Translation is a highly regulated multistep process that involves the recruitment of an mRNA to a ribosome and its translation by aminoacyl-tRNAs (aa-tRNA) into a polypeptide. Regulation can occur at any of the four stages of translation (initiation, elongation, termination, and ribosome recycling), and can be directed at the level of mRNA, translation factors, or the ribosome. In this chapter, we will review the diverse approaches the cell uses to regulate protein synthesis. Translation efficiency can be affected by mRNA sequence and structure elements, mRNA availability to the translation machinery, regulation of translation factor activity and availability, and regulation through changes in ribosome number and activity. We will also discuss how the translation machinery can be manipulated by cancer cells to promote tumorigenesis.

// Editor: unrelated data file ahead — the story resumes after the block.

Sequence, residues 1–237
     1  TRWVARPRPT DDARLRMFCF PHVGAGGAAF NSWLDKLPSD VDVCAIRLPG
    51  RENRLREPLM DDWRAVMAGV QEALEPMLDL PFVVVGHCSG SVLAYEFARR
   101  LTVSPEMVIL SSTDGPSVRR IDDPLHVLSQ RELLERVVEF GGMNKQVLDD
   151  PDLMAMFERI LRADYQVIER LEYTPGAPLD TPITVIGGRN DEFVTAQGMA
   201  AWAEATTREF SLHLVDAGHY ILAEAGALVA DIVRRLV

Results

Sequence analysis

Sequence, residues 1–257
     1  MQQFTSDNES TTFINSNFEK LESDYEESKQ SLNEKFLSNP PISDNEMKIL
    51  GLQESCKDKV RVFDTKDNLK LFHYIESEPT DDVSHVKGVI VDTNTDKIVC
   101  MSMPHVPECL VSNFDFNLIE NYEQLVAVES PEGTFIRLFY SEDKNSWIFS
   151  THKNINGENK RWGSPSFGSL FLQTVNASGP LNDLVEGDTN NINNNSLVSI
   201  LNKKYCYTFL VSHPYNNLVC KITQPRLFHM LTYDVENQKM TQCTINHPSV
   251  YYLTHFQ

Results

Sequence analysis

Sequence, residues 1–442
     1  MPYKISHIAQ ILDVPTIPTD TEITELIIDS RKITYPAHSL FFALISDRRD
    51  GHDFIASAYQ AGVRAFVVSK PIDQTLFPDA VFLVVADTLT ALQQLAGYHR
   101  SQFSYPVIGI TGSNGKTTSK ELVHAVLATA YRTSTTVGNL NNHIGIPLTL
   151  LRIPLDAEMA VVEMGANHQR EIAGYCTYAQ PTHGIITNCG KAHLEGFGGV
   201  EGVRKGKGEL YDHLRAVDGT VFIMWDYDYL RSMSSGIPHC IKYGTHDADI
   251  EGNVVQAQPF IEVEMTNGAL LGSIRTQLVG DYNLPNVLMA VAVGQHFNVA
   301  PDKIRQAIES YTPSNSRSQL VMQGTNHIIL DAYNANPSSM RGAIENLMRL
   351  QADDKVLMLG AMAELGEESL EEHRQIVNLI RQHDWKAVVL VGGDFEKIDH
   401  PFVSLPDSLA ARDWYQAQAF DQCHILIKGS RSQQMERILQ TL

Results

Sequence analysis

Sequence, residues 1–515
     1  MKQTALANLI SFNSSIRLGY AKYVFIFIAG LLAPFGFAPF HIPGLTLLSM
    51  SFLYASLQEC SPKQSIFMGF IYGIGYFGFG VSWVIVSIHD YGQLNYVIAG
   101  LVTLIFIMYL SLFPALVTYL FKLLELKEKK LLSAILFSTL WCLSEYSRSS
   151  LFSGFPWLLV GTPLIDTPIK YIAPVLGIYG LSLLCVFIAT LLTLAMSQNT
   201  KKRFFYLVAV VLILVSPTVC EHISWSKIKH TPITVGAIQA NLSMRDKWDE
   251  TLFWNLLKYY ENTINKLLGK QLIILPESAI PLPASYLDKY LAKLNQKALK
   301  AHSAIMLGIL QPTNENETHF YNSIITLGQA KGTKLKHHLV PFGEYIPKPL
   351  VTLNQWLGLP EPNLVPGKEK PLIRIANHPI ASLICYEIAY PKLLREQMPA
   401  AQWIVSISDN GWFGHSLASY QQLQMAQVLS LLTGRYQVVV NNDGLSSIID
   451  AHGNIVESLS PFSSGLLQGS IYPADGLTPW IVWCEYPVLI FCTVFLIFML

|Original language||English (US)|
|Title of host publication||Translation and Its Regulation in Cancer Biology and Medicine|
|Number of pages||33|
|ISBN (Print)||9789401790789, 9401790779, 9789401790772|
|State||Published - Mar 1 2014|
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